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Hidden Revolutionary Sentiment in the Heartland – a Reason for HOPE*


Since its May 1st, the official day of international working class revolution, I thought I would relate something positive and hopeful relating to a speech I gave at the University of Iowa two Saturdays ago.  You can read an extended version of the speech at http://www.zcomm.org/znet/viewArticle/17218

 

I’d give myself a B+ on the delivery. Part of it was the excellent audience – maybe a hundred or so student activists from across the Midwest, all of them affiliated with the Campus Antiwar Network: very smart, very motivated, and very progressive…more left than I had anticipated. There were a bunch from Madison; many from UW-Milwaukee and Chicago (DePaul, Loyola, UIC, more), one or two from Ann Arbor, and so on. Throw in a good handful of non-student progressives from town (Iowa City) and the local region and it was just the sort of people I like to talk to. 

 

Anyway, here’s the cool part. At the end, as I was winding up my big fancy address on “Whose Aims in What U.S. Global War Terror?,” I got to my recommendations for antiwar activists at the end. 

 

Here were my five suggestions: 

 

“1. Be skeptical about getting too involved in 9/11 conspiracy theories. Ask me why if you want in the Q and A.” [Note: only one person cared to object on this...I think the conspiracy diversion may be fading out]

 

“2. Avoid Obamania. Look, I like to make a little fun of it all, but it’s a big deal. It’s going to be huge on your campuses next fall and you’re going to have to know how to deal with it in a productive and tactically astute way.  If you want more details ask me in Q and A and I’ll give three of the 25 ways in which His Holiness the Dali Obama is in fact NOT antiwar and how he Clings to the Guns of Empire. But that doesn’t mean you shouldn’t vote to block the GOP and ‘for’ Obama if you live in a contested state.  Wherever you live, we need to know how to work with and through the Obama phenomenon in a constructive way. It offers some opportunities. He’s raising and surfing a bunch of expectations he’s not going to deliver on, and that’s very important.” [Note: I expected Obamanist objections on this but there were none.  One activist outflanked me on the Left, saying that he thought Obama might be a worse than McCain because the former candidate’s imperialism is cloaked and the latter candidate’s imperialism is open].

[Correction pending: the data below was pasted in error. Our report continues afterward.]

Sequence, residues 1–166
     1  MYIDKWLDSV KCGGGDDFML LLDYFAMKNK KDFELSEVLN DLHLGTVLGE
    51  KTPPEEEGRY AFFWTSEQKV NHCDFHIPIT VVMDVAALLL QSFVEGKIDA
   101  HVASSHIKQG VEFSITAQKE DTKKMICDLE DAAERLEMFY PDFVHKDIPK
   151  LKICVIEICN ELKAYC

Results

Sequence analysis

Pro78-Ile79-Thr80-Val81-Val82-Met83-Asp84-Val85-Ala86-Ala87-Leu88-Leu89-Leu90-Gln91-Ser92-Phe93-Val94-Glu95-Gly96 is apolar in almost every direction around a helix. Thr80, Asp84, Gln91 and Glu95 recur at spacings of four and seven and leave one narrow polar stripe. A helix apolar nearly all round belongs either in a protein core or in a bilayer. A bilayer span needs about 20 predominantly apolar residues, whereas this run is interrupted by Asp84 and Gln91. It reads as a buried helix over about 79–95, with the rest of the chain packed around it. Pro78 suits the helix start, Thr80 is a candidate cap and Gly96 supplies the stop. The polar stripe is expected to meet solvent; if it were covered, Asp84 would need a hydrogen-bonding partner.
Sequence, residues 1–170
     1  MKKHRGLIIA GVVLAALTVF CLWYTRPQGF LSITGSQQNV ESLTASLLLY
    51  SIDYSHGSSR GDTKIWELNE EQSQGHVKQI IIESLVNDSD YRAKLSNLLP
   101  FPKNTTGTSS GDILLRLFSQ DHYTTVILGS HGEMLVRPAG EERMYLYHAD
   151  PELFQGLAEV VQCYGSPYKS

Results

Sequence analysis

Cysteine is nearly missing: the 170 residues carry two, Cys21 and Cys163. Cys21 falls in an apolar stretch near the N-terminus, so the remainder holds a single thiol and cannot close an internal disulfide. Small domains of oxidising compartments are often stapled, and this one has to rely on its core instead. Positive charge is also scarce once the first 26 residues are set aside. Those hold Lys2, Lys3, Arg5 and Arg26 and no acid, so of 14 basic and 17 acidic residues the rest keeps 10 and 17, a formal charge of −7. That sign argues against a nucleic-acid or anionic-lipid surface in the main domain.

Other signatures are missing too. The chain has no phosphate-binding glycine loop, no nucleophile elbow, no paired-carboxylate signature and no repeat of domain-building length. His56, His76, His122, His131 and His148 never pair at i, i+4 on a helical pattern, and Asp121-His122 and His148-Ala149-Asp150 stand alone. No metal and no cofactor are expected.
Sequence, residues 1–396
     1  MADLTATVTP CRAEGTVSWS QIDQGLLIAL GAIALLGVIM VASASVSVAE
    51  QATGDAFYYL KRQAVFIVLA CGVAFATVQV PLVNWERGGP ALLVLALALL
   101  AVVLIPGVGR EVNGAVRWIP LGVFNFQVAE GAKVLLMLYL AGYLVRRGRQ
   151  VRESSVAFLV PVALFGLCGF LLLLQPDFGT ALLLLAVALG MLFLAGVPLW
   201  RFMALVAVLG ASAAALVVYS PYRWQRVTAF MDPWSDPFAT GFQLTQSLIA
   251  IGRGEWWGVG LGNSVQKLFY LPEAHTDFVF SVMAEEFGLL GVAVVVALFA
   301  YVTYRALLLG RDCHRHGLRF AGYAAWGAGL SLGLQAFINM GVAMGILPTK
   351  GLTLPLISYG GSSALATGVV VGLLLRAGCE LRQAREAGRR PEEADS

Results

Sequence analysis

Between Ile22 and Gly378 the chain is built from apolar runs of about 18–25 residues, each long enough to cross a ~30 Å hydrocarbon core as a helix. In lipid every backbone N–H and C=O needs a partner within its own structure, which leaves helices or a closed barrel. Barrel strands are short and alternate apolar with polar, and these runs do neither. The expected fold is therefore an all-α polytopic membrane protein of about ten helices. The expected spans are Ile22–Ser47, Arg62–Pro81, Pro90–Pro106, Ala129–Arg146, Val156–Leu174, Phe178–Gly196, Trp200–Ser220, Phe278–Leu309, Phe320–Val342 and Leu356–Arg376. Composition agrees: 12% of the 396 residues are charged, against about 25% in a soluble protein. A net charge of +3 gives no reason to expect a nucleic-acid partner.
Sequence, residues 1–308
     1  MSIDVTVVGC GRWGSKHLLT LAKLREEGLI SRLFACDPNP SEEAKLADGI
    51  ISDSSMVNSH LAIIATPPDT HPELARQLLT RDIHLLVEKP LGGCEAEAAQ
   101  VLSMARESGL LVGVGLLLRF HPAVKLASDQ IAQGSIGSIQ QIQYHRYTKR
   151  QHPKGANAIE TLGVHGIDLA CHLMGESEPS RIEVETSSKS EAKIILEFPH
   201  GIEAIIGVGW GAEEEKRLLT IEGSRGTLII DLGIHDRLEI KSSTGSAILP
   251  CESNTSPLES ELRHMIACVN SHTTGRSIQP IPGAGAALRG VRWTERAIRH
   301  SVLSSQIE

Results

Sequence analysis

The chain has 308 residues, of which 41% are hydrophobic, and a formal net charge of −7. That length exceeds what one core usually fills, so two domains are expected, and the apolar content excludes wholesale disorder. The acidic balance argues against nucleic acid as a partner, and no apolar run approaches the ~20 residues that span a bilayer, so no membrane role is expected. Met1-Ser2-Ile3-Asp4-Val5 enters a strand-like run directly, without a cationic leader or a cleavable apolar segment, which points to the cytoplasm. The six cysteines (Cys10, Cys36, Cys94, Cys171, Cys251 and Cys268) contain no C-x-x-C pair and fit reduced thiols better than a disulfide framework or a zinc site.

“3. Avoid what the sociologist Charles Derber calls ‘the election trap:’ the belief that meaningful long term progressive change can be achieved by going into a voting booth for 2 minutes once every 1460 days.” [Note: this was admittedly a very partial statement of Derber’s concept]

 

“4. Please stay relentlessly alert to the critical distinction between opposing the Iraq War on pragmatic grounds and resisting it on principled and moral grounds.  Never let go of the difference between opposing it like Obama says because it is a strategic imperial mistake and resisting it because it is an imperialist crime.”

 

“5. Call for revolution. I say this for two reasons.  The first reason and this is my personal sense…I’ve been around watching this country and world and society for a while now and I have the very distinct impression that we cannot meaningfully attain democracy, peace, economic, social, racial and gender or any other kind of justice or ecological sustainability under the inherently perverted priorities of the capitalist profit system. The second reason is more ‘pragmatic.’ History shows again and again that big and meaningful reforms — and we need reforms — are only attained when elites are convinced that the cost of changing is less than the cost of not changing. The change only comes when the governing class believes you’re ready, willing, and able to burn down the house.” 

 

Now, here’s the neat thing. All of these points elicited nice support – verbal agreement, heads nodding, light applause and so forth…except the last one. 

 

The last point -“call for revolution” – led to an instantaneous standing ovation before I even got into explaining why.